Packers turn to Wallace at backup QB
Milwaukee Journal Sentinel
GREEN BAY--The odyssey to find Aaron Rodgers’ backup has taken the Green Bay Packers through every type of quarterback. A record-setting passer from Texas Tech’s “Air Raid” offense. An all-fastballs project from Tennessee-Chattanooga. A former third overall pick trying to hang on.
For backup quarterbacks, this has been something like the “Summer of George.” So much promise, so much hope. Yet for Graham Harrell, B.J. Coleman and Vince Young, it all ended in disappointment.
On Monday, a fourth candidate arrived. This one, the Packers hope, is competent. First, Seneca Wallace says, he needs to learn peoples’ names. Then, there’s that whole playbook thing.
“It’s tough, it’s part of the business; you never know when you can get into a situation,” Wallace said. “For me, just getting here last night, trying to pick up as much as I can. They do a great job as far as providing me with the resources that I need to be able to pick up the offense as fast as I can.
“Just going to dig into the playbook and learn as much as I can.”
The Packers are counting on Wallace’s 11 years of NFL experience to prevail. They chose the mobile, accurate veteran over other young arms on the market. And whereas Young had been a starter the majority of his career—billed a transcendent player the moment he stepped onto the NFL stage—Wallace has been a willing No. 2.
Green Bay is counting on that mileage. Wallace will need to be a helpful caddy, first. And if Rodgers were to miss time, Green Bay needs someone capable of moving an offense. The three before him managed two touchdowns on 45 preseason drives.
Next up is Wallace. Ready or not. He hasn’t taken a regular-season snap since Jan. 1, 2012.
“My confidence level,” Wallace said, “I just have to lean on my experience and I’m pretty sure if something was to happen, God forbid, that we would try to lean on some of the stuff that I learned in the past, just to try to get through it. But we’re not going to talk about that. We want the man to stay upright and continue to keep doing his thing.”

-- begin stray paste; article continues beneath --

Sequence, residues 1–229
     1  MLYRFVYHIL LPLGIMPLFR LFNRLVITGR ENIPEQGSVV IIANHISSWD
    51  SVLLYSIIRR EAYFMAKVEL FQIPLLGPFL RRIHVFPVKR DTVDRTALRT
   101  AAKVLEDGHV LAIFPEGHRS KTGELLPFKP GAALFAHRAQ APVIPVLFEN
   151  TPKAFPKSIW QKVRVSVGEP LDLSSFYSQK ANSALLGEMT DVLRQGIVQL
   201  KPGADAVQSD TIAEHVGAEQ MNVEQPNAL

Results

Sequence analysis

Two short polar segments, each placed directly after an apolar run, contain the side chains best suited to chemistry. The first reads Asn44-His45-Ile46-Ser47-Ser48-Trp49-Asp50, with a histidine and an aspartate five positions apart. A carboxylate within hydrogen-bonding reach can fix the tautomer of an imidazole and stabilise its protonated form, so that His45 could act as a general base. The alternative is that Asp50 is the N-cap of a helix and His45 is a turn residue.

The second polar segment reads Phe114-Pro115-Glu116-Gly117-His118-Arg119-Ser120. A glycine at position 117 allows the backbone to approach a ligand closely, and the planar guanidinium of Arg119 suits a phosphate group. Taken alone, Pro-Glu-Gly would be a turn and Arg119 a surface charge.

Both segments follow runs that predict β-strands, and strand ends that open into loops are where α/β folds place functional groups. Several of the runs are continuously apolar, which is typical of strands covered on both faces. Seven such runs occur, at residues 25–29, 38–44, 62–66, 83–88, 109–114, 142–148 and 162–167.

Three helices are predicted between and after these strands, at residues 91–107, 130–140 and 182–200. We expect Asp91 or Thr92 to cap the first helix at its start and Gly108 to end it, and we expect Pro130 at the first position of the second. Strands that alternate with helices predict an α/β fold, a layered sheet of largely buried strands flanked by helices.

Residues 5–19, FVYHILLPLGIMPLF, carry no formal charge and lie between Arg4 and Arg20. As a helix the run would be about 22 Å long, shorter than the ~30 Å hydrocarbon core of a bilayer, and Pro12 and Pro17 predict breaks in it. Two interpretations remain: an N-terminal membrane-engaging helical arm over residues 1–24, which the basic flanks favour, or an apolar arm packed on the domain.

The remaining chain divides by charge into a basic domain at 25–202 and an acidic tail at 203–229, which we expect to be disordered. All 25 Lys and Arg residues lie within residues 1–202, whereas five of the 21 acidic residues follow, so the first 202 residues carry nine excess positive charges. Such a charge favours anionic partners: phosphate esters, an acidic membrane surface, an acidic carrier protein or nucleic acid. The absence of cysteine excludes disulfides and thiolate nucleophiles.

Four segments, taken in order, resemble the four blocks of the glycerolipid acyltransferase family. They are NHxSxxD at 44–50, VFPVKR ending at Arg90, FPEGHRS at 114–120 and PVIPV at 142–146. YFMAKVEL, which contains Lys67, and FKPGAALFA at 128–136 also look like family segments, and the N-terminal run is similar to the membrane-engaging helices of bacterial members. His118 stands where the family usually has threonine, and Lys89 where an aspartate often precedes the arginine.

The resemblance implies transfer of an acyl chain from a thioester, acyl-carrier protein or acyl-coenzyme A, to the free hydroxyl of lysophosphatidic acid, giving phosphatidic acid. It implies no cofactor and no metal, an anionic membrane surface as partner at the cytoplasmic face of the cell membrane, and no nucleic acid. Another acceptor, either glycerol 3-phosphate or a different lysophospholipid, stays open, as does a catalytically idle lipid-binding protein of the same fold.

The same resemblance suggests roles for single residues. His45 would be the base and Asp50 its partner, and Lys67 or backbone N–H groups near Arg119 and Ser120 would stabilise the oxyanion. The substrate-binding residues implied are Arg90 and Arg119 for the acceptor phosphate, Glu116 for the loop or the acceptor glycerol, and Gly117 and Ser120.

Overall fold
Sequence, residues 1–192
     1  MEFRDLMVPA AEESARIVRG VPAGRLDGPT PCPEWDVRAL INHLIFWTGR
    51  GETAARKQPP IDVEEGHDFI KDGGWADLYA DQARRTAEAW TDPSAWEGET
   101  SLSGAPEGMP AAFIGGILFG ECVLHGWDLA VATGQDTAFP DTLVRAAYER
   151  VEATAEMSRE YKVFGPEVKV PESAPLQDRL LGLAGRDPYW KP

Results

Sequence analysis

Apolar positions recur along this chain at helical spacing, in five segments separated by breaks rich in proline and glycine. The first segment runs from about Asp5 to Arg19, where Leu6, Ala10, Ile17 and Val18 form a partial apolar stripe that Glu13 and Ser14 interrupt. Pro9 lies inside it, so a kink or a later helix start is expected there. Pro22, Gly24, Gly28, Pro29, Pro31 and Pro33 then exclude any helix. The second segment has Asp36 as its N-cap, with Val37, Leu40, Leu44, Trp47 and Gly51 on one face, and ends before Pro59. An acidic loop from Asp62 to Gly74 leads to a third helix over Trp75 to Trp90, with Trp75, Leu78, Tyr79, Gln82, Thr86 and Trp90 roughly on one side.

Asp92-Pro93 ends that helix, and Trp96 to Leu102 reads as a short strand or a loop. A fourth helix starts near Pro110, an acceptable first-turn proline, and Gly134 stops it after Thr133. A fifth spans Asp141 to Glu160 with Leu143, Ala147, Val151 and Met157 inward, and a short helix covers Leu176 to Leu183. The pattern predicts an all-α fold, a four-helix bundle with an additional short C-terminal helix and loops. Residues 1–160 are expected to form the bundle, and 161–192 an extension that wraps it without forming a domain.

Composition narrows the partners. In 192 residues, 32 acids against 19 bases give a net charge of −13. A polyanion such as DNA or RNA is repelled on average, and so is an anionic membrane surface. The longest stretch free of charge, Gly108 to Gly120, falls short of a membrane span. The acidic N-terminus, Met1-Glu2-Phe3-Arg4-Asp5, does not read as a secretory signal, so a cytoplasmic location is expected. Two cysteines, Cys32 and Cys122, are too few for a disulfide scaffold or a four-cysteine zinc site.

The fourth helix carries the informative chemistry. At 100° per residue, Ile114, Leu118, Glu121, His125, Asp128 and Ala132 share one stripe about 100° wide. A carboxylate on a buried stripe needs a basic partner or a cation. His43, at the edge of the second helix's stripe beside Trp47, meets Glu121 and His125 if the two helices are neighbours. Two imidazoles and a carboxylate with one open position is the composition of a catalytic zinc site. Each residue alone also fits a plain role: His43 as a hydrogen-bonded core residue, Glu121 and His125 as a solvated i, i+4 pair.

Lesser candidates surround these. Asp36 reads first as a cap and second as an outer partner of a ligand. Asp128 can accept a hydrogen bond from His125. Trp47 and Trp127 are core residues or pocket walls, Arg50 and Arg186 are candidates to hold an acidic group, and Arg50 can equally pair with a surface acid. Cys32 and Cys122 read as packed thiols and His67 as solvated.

For his career, Wallace has completed 59.2 percent of his passes with 31 touchdowns and 18 interceptions, going 6-15 as a starter. At 5 feet 11 1/2 inches tall, he wasn’t a highly regarded prospect out of Iowa State. But Ted Thompson, then working with Mike Holmgren with the Seattle Seahawks, saw something in Wallace and took him in the fourth round of the 2003 draft.
From there, Wallace matured into a smart, resourceful backup to Matt Hasselbeck in the West Coast offense.
The backup job is selfless yet valued. All starters appreciate a voice of reason on the sideline, which is why one personnel executive who saw Young work on a daily basis was so baffled when the Packers signed the former Texas Longhorn. He described Young as the antithesis of an ideal backup quarterback.
Maybe Young could have grown into a decent No. 2. In Wallace, there’s little guesswork.
“The game is inches,” Wallace said. “You’ve got to take advantage of those opportunities when you get them. So if there’s something that a younger kid might not have saw or maybe a call that I can pick up on that they’re using defensively in bringing certain blitzes, it’s a chess match. Whatever I can get back to him to provide him with that, I’m going to do that.”
A long career in the West Coast offense helps. Wallace is used to quick drops and even quicker decisions.
Instead of going through complete installations of the offense, Wallace will be learning game plans week to week.
“So I think it’s a little easier to learn it when it’s a game-plan week,” Wallace said. “That way you can learn the base stuff, you can learn the third down, the nickel, the red zone, short yardage, and just try to go it that way. It’s still going to be like a foreign language to me because it’s all new, but at least I can condense it to put it in my terms.”
The Packers also officially added quarterback Scott Tolzien to the practice squad Monday. After two years in San Francisco, he probably could share a few binders with the Packers. On Monday, Tolzien downplayed that potential advantage. The former Wisconsin Badger hopes he’s not here on a one-week rental.
“You go in hoping that it’s not,” Tolzien said. “That’s out of my control, so I’m going to do what I can today and tomorrow I’ll do the same.”
As for Wallace, he didn’t exactly leave San Francisco on smooth terms after one week this summer. At one point, coach Jim Harbaugh said he believed the quarterback was planning to retire. On Monday, Wallace called it all a “miscommunication” and said he called the coach to clear the air.
Wallace saw the writing on the wall, too. He told one newspaper that San Francisco brought him in to make Colt McCoy take a pay cut.
A few days later, here he is. In Green Bay. Wallace joins Rodgers and has a chance to beat San Francisco.
“I mean, it was tough,” Wallace said. “It was a tough couple weeks, but what happened is behind me and now I’m moving forward and focusing on being here in Green Bay and being the best provider as a backup to A-Rod.”